News

March 4, 2019

Leading Tanzanian daily suspended for seven days

A man reads on March 23, 2017 in Arusha, northern Tanzania, the local English-written daily newspaper "The Citizen". Crédit : AFP
Reporters Without Borders (RSF) condemns the Tanzanian government’s decision to suspend one of the country’s leading daily newspapers, The Citizen, for seven days. The publishing ban, which began on 28 February, is the latest development in a significant and alarming decline in press freedom in Tanzania, RSF said.

The suspension was ordered by the print media regulatory authority, a direct offshoot of the information ministry, which accused the widely read newspaper of publishing “false and misleading” information about a devaluation in the Tanzanian shilling.

 

After checking with banks and currency exchange bureaux, The Citizen reported on 23 February that the US dollar was actually selling for 2,415 Tanzanian shillings, although the central bank official rate was 2,300 shillings.

 

“The suspension of this leading independent newspaper is the latest in a long list of press freedom violations, of which the scale and frequency are alarming,” said Arnaud Froger, the head of RSF’s Africa desk. “Tanzania used to be regarded as an exception in a region where civil liberties are constantly threatened, but it has now joined the club of regimes that are press freedom predators. The authorities must end this suspension at once and guarantee the freedom to disseminate news and information, as required by the constitution.”

 

Eight western embassies condemned the suspension on social networks, suggesting that it was out of all proportion to the alleged offence. Hassan Habasi, who is the government’s spokesman as well as heading the print media regulator, did not respond to RSF’s calls and messages.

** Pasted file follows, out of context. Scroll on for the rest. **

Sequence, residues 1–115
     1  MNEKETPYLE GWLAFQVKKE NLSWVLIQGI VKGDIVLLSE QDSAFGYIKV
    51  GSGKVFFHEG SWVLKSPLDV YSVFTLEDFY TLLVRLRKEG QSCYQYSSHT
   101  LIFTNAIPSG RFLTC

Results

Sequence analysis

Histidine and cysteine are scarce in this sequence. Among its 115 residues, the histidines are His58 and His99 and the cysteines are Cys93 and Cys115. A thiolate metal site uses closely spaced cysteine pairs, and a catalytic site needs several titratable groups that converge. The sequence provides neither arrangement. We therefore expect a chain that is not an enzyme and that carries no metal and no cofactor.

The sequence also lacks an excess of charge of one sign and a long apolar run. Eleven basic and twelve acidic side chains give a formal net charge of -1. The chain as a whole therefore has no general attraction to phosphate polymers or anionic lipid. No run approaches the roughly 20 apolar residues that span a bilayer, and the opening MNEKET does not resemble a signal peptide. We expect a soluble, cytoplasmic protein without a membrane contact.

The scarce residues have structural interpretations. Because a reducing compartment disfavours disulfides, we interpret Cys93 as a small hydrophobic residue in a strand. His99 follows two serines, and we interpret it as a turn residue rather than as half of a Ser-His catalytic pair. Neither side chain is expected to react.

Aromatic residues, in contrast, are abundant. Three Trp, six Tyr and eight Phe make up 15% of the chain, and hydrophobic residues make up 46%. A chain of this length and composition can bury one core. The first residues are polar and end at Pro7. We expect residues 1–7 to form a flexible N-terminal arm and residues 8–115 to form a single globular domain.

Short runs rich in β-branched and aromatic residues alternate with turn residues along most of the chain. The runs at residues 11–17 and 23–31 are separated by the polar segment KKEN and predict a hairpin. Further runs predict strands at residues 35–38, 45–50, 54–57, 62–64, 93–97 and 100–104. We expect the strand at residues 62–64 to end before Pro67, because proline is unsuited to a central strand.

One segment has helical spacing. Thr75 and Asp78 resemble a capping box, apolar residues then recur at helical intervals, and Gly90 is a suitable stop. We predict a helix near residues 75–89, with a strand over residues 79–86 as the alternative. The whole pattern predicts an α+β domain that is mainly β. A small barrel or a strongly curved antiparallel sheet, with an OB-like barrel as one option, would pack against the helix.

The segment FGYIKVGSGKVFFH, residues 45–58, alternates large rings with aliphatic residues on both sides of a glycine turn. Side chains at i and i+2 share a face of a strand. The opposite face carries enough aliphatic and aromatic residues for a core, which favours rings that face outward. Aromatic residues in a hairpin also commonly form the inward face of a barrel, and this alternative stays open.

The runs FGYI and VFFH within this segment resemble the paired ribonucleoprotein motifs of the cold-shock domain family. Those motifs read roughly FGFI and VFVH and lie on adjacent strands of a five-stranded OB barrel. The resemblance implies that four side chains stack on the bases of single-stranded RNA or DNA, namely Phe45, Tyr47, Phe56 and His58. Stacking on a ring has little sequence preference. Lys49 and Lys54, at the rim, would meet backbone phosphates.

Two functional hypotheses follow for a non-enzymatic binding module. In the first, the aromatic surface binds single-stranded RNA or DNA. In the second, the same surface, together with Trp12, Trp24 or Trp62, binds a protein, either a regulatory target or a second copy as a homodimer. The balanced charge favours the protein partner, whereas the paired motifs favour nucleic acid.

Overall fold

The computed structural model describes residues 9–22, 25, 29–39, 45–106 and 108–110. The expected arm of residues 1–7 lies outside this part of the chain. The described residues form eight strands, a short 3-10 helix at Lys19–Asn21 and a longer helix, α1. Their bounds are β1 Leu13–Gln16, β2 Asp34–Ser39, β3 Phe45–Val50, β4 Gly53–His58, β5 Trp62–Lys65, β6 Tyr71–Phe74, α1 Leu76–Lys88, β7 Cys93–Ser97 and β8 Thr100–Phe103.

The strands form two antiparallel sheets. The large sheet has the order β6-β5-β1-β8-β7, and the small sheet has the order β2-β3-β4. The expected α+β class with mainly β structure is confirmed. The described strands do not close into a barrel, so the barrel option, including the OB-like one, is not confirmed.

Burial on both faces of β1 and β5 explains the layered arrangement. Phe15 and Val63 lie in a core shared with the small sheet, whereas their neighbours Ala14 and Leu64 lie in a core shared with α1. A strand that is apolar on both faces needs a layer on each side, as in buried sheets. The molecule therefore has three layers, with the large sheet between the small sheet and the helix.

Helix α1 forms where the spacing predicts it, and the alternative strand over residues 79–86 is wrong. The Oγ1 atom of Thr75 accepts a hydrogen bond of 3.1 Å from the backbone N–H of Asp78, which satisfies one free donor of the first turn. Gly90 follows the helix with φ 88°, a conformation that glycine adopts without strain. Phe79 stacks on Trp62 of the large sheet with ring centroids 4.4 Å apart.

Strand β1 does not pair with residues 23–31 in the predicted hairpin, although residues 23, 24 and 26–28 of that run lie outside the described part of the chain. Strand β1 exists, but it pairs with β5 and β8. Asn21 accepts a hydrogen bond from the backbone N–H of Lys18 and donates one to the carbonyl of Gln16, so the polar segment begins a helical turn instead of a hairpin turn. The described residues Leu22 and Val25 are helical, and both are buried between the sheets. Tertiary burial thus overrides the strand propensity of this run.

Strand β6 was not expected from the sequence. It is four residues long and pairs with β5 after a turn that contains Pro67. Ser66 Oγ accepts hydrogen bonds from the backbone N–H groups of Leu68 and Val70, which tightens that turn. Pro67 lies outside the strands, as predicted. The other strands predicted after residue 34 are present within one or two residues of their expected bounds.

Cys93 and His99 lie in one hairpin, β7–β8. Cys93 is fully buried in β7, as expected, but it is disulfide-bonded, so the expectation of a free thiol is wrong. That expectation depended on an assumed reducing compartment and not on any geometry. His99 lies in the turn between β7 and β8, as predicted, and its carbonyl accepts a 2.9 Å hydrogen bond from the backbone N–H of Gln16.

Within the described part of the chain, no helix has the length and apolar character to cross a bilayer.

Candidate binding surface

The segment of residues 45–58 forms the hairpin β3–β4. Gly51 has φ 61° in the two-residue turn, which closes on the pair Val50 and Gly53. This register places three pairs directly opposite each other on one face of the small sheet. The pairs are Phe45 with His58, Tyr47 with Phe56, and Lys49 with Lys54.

Under the Statistics Act that Tanzania adopted in 2017, publishing statistics at variance with the official figures is punishable by fines and prison sentences. The legislative arsenal that can be deployed against independently reported information was also reinforced in April 2018 by a law under which online content producers have to pay exorbitant accreditation fees to register with the authorities. RSF said at the time that it would destroy Tanzania’s blogosphere.

 

According to RSF’s tally, at least four newspapers and six radio stations have been suspended since John Magufuli became president in 2015. Last November, two representatives of the Committee to Protect Journalists were arrested and forced to leave the country. At the same time, the authorities have conducted no serious investigation into the disappearance of Azory Gwanda, a reporter for Mwananchi (The Citizen’s Swahili version), who went missing in November 2017 while investigating a series of murders of local officials in the eastern Pwani region.

 

Tanzania is ranked 93rd out of 180 countries in RSF’s 2018 World Press Freedom Index after falling ten places in the space of a year, one of the biggest falls registered by any country.